Toronto Hyrdro workers work to restore power following an ice storm in Toronto, December 27, 2013. Over 30,000 residents were left without power in Toronto Friday since the storm hit on December 22, local media reported. Mark Blinch/Reuters
About 2,500 customers in the Greater Toronto Area are still without power more than a week after an ice storm hit Eastern Canada and knocked out electricity to about 300,000.
Toronto Hydro said it hoped to have most customers back on the grid Monday.
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Mayor Rob Ford and Toronto Hydro are expected to give an update on the exact number of homes still without power at an 8 a.m. ET briefing.
While the number of homes without power is down from Sunday’s 6,000, localized outages mean repairs take time.
As of Sunday night, crews were working on individual homes and apartments.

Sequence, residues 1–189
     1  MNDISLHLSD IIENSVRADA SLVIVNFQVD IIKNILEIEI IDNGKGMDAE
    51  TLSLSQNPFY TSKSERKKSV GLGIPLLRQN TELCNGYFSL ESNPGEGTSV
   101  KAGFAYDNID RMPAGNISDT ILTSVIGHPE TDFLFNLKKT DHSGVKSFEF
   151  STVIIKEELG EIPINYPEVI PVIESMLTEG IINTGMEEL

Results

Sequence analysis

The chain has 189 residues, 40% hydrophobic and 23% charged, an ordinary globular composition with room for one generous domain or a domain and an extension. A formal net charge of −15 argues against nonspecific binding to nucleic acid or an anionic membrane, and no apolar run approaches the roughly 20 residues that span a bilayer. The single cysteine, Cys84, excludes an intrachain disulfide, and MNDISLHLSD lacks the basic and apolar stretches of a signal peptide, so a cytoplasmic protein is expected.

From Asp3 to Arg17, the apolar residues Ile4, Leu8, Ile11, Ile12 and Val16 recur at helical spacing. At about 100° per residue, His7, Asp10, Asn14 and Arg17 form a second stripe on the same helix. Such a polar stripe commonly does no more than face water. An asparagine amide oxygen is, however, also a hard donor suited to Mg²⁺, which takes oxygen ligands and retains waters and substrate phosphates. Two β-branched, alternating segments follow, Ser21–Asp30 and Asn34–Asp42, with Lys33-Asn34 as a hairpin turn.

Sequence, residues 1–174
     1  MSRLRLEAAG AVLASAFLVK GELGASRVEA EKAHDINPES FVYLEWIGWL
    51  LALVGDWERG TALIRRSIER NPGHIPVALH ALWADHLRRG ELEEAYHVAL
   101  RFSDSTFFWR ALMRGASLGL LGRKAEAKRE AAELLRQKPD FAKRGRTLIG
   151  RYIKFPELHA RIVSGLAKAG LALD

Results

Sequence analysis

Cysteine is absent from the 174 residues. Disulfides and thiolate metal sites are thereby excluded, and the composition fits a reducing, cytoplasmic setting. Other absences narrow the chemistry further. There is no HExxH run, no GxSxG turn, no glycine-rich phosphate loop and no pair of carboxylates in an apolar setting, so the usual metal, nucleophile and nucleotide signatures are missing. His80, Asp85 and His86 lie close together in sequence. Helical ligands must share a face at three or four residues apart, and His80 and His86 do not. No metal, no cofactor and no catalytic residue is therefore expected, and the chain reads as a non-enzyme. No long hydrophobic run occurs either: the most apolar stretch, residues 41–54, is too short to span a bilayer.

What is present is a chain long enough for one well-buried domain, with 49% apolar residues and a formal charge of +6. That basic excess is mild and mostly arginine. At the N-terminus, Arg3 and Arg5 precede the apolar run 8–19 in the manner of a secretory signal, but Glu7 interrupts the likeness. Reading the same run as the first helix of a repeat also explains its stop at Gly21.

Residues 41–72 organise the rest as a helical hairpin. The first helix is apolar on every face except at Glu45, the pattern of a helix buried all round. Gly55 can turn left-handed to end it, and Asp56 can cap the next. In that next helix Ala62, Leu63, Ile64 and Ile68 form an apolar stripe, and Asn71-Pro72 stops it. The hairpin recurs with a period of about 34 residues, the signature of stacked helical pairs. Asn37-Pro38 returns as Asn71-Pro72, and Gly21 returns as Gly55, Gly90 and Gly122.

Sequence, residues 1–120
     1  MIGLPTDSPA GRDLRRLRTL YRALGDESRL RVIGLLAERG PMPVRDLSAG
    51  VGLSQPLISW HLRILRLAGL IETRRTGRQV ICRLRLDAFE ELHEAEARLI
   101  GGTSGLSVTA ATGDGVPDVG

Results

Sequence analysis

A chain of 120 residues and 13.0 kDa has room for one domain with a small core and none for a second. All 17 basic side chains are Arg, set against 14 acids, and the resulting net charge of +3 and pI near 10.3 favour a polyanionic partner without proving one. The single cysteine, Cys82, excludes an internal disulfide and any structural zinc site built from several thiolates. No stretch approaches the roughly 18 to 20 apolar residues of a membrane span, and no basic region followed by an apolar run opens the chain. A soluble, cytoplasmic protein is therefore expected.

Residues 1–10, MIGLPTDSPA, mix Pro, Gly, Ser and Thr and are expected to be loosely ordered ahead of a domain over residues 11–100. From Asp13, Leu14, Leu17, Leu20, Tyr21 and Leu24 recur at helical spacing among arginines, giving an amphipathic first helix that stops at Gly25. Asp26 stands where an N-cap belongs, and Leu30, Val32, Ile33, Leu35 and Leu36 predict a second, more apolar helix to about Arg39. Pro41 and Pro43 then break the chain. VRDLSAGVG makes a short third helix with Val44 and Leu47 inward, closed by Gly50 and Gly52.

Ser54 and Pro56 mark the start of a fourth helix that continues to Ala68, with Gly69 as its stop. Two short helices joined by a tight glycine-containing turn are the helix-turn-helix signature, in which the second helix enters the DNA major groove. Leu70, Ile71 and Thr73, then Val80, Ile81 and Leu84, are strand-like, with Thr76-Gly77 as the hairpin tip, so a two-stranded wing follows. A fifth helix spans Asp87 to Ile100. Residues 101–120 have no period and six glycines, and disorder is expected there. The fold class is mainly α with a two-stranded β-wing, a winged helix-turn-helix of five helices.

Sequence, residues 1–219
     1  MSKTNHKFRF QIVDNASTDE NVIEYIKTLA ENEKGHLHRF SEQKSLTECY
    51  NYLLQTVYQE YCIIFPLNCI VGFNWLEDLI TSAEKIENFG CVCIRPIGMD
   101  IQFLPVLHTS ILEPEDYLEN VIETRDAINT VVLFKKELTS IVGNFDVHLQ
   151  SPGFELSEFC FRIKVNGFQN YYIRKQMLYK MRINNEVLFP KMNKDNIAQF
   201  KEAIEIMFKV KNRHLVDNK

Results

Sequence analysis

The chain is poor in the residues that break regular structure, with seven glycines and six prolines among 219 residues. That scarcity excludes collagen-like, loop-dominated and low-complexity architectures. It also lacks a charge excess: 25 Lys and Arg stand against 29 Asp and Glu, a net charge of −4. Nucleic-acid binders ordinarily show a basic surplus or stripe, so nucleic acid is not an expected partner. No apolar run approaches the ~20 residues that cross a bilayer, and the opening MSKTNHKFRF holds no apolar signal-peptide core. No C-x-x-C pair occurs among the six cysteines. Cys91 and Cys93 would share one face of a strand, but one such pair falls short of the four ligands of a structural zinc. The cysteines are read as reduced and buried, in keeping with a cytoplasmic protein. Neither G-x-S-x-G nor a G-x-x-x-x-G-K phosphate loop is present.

Meanwhile, emergency response officials say the influx of calls they began receiving after the storm has not stopped.
More than a week after the storm that caused massive power outages, emergency calls remain at 10 times the normal volume.
EMS emergency medical dispatcher Rocky Ruffalo says the challenge is prioritizing those calls.
“One of the toughest calls to field was people that were on home oxygen and with the power being out, they knew that they only had a specific period of time left for their home oxygen,” Ruffalo said.
Ontario Premier Kathleen Wynne says that after all power is restored and it’s business as usual in the city, a debriefing on what was and wasn’t done efficiently will be required.
In Sunday's briefing, Ford said restoring power and repairing damage from the ice storm costs the city approximately $1 million per day.
“So it’s going to cost Toronto Hydro $10 million on the high side,” he said, “The very low side is about $8 million.”